How often can you say you have walked away from a funeral parlour feeling a sense of pride and satisfaction. And the feeling was mutual?
I had this experience at White Lady Funerals in Clayfield when I dropped off a number of hand bags filled with female personal products. White Lady is one of many volunteer business drop-off points for #itsinthebag, part of a Christmas campaign by www.sharethedignity.com.au.
Share The Dignity realised that at Christmas time children’s needs were catered for by volunteer groups however not for the women of the children. The women who make the sacrifice and escape a domestic violence environment to protect themselves and their children from potential injury or death.
The focus by Share The Dignity has been on homeless Australian women and women in domestic violence shelters. For these women it is a matter of survival, and with their traumatic experiences there is an unbelievable sacrifice of indignity. Needless to say attention to personal hygiene is not always possible.
The concept has been to ask Australians to donate a handbag they no longer use and fill it with items that would make a woman feel special. The response to the campaign has been an eye opener.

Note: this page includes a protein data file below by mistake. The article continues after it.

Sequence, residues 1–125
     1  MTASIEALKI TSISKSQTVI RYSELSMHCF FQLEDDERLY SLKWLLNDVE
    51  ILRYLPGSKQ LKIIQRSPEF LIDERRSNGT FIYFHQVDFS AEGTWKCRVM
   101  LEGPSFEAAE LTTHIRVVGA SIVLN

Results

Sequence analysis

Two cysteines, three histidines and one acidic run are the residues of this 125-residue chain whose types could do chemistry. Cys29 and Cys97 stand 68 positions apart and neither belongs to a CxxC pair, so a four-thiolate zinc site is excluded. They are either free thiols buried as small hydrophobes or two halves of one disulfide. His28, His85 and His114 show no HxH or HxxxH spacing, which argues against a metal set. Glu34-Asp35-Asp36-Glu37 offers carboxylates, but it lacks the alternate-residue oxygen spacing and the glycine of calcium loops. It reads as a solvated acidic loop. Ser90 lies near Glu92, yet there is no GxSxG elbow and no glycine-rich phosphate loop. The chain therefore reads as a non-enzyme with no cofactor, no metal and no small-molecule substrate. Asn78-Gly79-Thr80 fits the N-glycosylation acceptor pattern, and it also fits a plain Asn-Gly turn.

Di Collis, from White Lady Funerals , who for obvious reasons is used to dealing with people from heart break, said it has been overwhelming to witness the generosity of women.
“It is about women wanting to help other women,” said Di.
“Within two days the team have taken away 245 bags and estimate there are at least another 200-plus to come, with a promised delivery of 70 from one organisation and 40 from Virgin Blue. A few days later there were bags down both walls in their office and four more boxes were yet to be unloaded.
“White Lady Funerals” mission statement is Care. That is Calibration, Accountability, Responsiveness, Empathy. I do not think you could have got a better synergy. Ask a woman to help another woman and she will respond every time”.
Many of the bags were brand new, with the tags on, and some bags included cash in cards.
I chatted to a woman dropping off bags and, like myself, she had included a handwritten Christmas card in each handbag to add that personal touch. We wanted to let the women know there are people around them who care.
Not only did I walk away feeling as though I have contributed to a most worthy cause, I also came away with a brochure on how to pay for one’s own funeral in advance. You would have to agree it was a rewarding visit to the funeral parlour.